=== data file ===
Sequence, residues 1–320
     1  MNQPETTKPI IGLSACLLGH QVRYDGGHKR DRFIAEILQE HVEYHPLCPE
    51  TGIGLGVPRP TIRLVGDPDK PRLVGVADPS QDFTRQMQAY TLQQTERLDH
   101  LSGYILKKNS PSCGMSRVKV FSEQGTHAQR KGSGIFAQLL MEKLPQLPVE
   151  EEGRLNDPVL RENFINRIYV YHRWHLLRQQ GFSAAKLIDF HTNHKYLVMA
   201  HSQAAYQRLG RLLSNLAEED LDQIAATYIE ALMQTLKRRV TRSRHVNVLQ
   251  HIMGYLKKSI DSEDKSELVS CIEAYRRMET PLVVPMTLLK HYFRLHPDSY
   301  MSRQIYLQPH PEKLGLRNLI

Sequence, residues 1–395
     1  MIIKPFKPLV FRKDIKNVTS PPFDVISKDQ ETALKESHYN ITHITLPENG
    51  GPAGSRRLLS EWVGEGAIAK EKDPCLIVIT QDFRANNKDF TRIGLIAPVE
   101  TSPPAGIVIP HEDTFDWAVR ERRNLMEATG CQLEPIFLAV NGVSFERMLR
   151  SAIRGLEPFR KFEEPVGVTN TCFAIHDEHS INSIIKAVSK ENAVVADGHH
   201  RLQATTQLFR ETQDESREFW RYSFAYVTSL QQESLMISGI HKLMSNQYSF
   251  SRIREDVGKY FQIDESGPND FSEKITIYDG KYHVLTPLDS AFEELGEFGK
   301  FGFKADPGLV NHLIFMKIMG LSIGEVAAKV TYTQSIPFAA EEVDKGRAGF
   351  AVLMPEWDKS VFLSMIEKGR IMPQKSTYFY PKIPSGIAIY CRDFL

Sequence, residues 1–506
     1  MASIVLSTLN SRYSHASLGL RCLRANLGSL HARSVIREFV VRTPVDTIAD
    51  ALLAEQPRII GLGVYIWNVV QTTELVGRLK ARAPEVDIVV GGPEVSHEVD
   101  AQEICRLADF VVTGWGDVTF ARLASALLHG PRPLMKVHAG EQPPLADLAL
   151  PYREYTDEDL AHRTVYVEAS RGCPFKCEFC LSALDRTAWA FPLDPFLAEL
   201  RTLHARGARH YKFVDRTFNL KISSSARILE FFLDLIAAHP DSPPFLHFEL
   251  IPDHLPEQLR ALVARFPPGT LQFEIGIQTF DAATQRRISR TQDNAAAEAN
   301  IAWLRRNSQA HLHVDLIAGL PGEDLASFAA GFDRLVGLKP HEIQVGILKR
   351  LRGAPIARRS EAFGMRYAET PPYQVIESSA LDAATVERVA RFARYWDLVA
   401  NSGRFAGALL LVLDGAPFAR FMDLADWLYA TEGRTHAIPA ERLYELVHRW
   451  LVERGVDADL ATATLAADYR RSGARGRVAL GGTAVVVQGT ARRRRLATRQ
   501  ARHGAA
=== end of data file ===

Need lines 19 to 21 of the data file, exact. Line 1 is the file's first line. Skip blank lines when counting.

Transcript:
     1  MASIVLSTLN SRYSHASLGL RCLRANLGSL HARSVIREFV VRTPVDTIAD
    51  ALLAEQPRII GLGVYIWNVV QTTELVGRLK ARAPEVDIVV GGPEVSHEVD
   101  AQEICRLADF VVTGWGDVTF ARLASALLHG PRPLMKVHAG EQPPLADLAL